I was thrilled to be apart of the 2017 Romanticism Association Conference in Strasbourg, France and to speak about Novalis’s poetry this summer! The RA conference followed a week after the MacDonald Society Conference in Aberdeen, so I had just enough time to visit the Peterborough Library Archives to peruse the original mss of John Clare’s bird nest poems before taking the train to France.
It was an honor to meet three of the Coleridge scholars whose scholarship guided my first foray into Coleridge’s poetry and his German influence: Richard Berkeley, Frederick Burwick, and Nicholas Reid. Dr. Berkeley is the founder of the Romanticism Association, and his Coleridge and the Crisis of Reason (2007) provides an insightful look at Coleridge’s crisis of reason in context with the Romantic pantheism controversy. Dr. Burwick is an English professor of UCLA, and his Drama: Critical Theory of the Enlightenment and Romantic Era (1991) is a pioneering look into the often-neglected drama of the Romantic Era. His keynote address (which was delightfully entertaining and informative) examined the monsters of the Romantic stage. Dr. Reid’s Coleridge, Form and Symbol (2006) examines the role of Coleridge’s theories on the imagination and symbol influence his metaphysics. I highly recommend his elucidating chapter on Schelling’s philosophy to anyone examining the intersections of Coleridge and German idealism.
The conference was held at the beautiful Église du Temple-Neuf de Strasbourg, in the Espace Tauler. The theme was “Supernatural Romanticism,” and the program promised (and delivered!) a fascinating and diverse group of speakers.
Below is the description for my talk on apophatic theology and Novalis’s poetry.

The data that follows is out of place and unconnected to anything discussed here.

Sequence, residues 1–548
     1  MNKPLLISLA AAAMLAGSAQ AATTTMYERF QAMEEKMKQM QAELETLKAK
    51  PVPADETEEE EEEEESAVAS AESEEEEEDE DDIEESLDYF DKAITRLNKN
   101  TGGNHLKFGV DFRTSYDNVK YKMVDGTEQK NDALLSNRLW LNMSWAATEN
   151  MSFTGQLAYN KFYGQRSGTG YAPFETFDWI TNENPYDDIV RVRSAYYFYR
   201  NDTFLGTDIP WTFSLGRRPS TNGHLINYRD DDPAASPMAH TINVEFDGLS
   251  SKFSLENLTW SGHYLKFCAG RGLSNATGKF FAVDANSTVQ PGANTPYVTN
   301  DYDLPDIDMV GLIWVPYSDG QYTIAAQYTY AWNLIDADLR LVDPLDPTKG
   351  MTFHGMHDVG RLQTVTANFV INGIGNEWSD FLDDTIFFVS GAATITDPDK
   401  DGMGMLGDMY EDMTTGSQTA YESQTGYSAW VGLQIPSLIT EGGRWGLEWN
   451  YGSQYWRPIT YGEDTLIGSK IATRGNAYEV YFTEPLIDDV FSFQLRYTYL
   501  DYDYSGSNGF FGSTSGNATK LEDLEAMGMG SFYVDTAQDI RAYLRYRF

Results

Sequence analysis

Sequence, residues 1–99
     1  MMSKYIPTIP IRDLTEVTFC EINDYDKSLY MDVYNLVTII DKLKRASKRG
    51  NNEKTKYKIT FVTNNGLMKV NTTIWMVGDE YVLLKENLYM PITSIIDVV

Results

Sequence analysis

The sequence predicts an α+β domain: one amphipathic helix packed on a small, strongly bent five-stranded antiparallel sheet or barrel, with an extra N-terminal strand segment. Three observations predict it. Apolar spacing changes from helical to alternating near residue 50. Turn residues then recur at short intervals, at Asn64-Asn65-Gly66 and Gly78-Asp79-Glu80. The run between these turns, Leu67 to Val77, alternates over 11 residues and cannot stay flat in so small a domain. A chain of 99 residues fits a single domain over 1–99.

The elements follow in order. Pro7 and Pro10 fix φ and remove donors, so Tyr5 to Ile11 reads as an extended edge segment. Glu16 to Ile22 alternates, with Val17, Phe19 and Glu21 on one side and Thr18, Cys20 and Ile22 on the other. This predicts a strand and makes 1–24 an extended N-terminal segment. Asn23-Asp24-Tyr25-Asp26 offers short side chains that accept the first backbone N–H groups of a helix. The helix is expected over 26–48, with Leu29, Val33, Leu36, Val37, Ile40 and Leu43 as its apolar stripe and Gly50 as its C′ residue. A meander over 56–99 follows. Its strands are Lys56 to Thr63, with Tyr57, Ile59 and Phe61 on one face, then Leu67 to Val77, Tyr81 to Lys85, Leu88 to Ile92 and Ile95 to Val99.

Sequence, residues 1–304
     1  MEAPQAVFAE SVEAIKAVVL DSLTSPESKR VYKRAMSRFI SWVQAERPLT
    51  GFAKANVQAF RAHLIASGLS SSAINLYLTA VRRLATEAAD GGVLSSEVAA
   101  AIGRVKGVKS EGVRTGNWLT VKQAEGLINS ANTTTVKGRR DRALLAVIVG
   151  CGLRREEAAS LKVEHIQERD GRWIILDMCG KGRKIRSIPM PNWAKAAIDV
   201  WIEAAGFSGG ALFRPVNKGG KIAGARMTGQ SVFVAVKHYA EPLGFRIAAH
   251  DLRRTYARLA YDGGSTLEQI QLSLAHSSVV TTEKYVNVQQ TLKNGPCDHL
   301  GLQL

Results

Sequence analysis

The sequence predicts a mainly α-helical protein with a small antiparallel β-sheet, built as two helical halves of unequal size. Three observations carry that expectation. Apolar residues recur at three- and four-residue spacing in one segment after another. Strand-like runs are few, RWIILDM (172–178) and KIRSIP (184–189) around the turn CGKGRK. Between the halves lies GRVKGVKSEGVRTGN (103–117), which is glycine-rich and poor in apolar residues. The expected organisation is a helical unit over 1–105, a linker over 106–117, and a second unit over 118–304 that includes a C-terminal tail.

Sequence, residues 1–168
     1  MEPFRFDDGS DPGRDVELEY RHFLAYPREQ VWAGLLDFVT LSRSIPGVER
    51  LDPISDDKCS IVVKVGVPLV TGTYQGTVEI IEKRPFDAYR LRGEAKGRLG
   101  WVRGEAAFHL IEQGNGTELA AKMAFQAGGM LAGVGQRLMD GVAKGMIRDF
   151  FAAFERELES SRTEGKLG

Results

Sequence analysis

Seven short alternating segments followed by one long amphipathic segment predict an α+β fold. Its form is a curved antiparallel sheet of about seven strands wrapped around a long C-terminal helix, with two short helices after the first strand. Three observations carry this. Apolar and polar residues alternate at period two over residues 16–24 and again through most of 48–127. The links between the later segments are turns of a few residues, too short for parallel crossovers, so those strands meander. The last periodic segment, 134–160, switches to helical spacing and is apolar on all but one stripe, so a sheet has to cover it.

In 1797, after the death of his fiancé and closest brother, Novalis (Friedrich von Hardenberg) formally broke from Fichtean Idealism by uniting philosophy and poetry and developing an apophatic approach which shifted the emphasis from intellect to experience. His Hymnen an die Nacht (1800) uses poetic and apophatic language to describe a supernatural encounter with both the night and the spirit of his departed bride. In laying the groundwork for systems of knowledge, Novalis had discovered within Fichte’s Idealism an ineffable element. I will examine how this element implies, in part, a denial of kataphatic knowledge similar to Kant’s claim in Kritik der reinen Vernunft: “I had to minimize knowledge to make room for faith.” Echoing Kant in his own way, Novalis wrote, “Spinoza ascended to Nature, Fichte to the Ego, and I ascend to the thesis, God.” This paper will examine Novalis’s “ascension to God” in context with his formal, philosophical break from Fichte and will explore the elements of apophaticism used to shape his expression of “der heiligen, unaussprechlichen, geheimniβvollen Nacht” [the holy, inexpressible, mysterious night] within his Hymnen and die Nacht.